This particular climb still thwarts many an attempt even today and is highly polished. In later years Harborough received the attention of the early gritstone explorers, John Laycock, Siegfried Herford and Stanley Jeffcoat, while in the 1920's and 1930's it drew visits from such characters as Fergus Graham, George Bower, Eric Byne and Clifford Moyer. It remains a popular evening bouldering spot for many climbers in the Nottingham, Derby, Matlock area and during the day it is heavily used by groups from schools and outdoor centres. Despite it getting eroded and worn in places, Harborough retains a special place in my heart, particularly late in the day when bathed in soft sunlight. At such a time it's many problems are a delight.Of course the history of the place is far longer than the mere scramblings of industrialised man over the past century. The cave at the western end of the crag has yielded evidence of occupation stretching back thousands of years. Bones have been discovered here of sabre-tooth tiger, hyena, bison, brown bear, lynx, Irish elk and wolf, which all at one time roamed these strange hills. In addition, the cave was used for human habitation from the early Iron Age period right through to the Roman occupation and beyond. Indeed, as late as the eighteenth century Defoe discovered a lead miner and his family living there. The cave was partitioned into three rooms by curtains and these people were no temporary squatters as Defoe wrote: "The father and his father before him, had been born there, as were all his children, and everything was clean and neat, tho' mean and ordinary."
You might think that because I have visited the rocks and their surroundings so frequently, and for so many years, that they would lose their appeal .... not so! The different moods brought about by the weather, the turning of the seasons, or the time of day continue to delight and surprise, as does the continued enjoyment of climbing on such unusual limestone. One or two particular moods of the place remain strong in my memory, in particular a bitter cold winter visit with Mick Wrigley in the mid-seventies. It was a Sunday morning and we were badly hungover as we trudged up through deep snow, to the foot of the rocks. The place had a particularly gloomy, misty atmosphere and the only sound *as the calling of the beasts in the fields below as they gathered for winter feed. There was (unsurprisingly) no one else there. As we approached, the main part of the crag loomed out of the mist, shrouded in fresh snow and ice. In that strange light, some kind of optical trickery occurred and the rocks looked huge, like smaller versions of the Civetta or the Marmolata in the Eastern Alps. We did not stay long as the cold soon drove us away to a pub fireside in Wirksworth.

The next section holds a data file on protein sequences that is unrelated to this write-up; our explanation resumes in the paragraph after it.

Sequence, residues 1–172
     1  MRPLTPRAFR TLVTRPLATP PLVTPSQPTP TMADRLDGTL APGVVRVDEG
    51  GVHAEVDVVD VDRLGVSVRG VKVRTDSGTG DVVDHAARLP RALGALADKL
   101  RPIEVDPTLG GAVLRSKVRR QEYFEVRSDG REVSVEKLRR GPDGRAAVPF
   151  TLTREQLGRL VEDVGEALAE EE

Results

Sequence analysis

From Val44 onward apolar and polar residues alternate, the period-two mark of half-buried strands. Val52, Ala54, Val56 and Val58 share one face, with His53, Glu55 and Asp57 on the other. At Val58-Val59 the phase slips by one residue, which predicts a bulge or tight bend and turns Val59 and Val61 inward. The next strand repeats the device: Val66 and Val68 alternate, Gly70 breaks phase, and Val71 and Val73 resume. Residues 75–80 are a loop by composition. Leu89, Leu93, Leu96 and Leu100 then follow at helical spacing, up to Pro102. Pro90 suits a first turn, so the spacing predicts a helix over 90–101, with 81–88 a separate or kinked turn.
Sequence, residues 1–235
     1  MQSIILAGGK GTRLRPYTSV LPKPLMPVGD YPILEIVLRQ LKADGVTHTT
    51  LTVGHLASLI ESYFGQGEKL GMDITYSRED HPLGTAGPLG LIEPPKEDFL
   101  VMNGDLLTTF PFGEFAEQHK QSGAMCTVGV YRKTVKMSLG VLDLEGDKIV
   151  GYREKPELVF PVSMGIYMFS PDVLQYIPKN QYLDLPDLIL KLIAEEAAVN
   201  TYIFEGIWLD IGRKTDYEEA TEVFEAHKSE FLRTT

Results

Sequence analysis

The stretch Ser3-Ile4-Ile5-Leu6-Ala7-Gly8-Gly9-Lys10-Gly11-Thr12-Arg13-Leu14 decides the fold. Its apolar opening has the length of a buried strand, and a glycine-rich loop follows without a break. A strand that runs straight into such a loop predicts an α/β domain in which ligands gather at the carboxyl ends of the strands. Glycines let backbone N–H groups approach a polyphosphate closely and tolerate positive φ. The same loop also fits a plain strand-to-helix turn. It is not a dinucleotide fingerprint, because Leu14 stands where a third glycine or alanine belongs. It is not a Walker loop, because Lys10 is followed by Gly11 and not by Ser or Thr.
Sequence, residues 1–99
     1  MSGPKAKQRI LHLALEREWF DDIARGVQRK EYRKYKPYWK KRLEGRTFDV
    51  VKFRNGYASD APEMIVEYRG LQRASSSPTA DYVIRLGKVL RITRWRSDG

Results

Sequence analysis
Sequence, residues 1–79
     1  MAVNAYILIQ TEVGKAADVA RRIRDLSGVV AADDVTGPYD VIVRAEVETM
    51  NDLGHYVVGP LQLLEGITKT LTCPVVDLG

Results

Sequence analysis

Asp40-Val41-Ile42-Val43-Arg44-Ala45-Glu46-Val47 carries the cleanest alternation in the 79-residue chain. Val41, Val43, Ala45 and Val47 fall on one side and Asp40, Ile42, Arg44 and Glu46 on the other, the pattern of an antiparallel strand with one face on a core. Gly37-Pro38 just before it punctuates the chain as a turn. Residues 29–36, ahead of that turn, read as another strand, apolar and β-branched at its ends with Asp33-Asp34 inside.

Sometimes in the summer months, the south facing nature of Harborough makes it too hot to climb on. At those times it is very pleasant to sit beneath the rocks on a carpet of daisies and buttercups and watch the Swallows and House Martens swoop about the place, for that is no weather for strenuous exercise!
Spring or Autumn are best, the light is more interesting and the desire for physical exertion stronger. The bright vivid sunshine of an October evening on the rocks, snatched after a day of rain in Derby, was a quite recent pleasure. The brutal darkness of the sky was gradually illuminated by shafts of bright light from the west, quickly drying the rock and dousing it in a wash of yellow ochre. The air was still, the friction of the rock perfect for climbing and the views to the west not only beautiful but mysterious as well, as the darkest part of the sky framed the familiar shape of Minninglow. Later in the evening I ended up climbing on the hard little problems of Clarkey's Wall, at the eastern end of the crag. I felt exhausted and my finger ends were very sore ... enough was enough! It was good just to flop down on the grass and the thistles, as the lowering sun painted the rock an surrounding hillsides an even deeper hue. In a low slanting light of wonderful clarity after the day's rain, the rocks took on the appearance of a giant piece of honeycomb. With very tired fingers I changed my footwear and looked up as Chris and Gordon yelled cheerful abuse and made it clear that they were heading for "The Gate" at Brassington for a pint. This would perhaps be the last of such evenings until the spring, since the clocks were due to change at the weekend. I followed them down the path savouring the smell of wet elderflower and wild garlic, as an owl called out from the buildings below the crag.
By the time I reached the road, the rocks were almost in darkness, while to the west the sun was setting in a sinister darkening sky. The wind had begun to gust and it suddenly felt as if winter would soon be upon us. Later, in a cosy corner of the pub, luxuriating in front of a fire, I listened as the rain returned and battered against the windows. We sat and enjoyed the delightful tang of that first pint on a throat dry after hard exercise and fresh air. Gradually I retreated into that wonderfully satisfying state of fatigue-, aching, swollen forearms and fingers, sore finger ends and tired legs. I knew I'd be worn out at work the next day, but we're fit and still out there doing it! As the late Nat Allen once told me "....aye lad, you've got to keep the pot boiling!" Bouldering and the pub afterwards; deep, simple pleasures that enrich the spirit and keep it youthful. I once read an article in which John Beatty described with great warmth, his delight in climbing at Windgather, itself totally unfashionable and yet retaining it's own strong sense of place and the spirits of those who climb there. For me Harborough has the same effect, providing a sense of healing and continual pleasure as we travel into middle age. As I looked away from the fire, Chris returned from the bar with another round and the conversation flowed as ever. All thoughts of work could wait until the morning, as the wet Derbyshire night closed in.
Steve Dean©: First published in High magazine
A potted biography of the author can be found in the October09 archives 'You are being watched'
Posted by Footless Crow at 06:41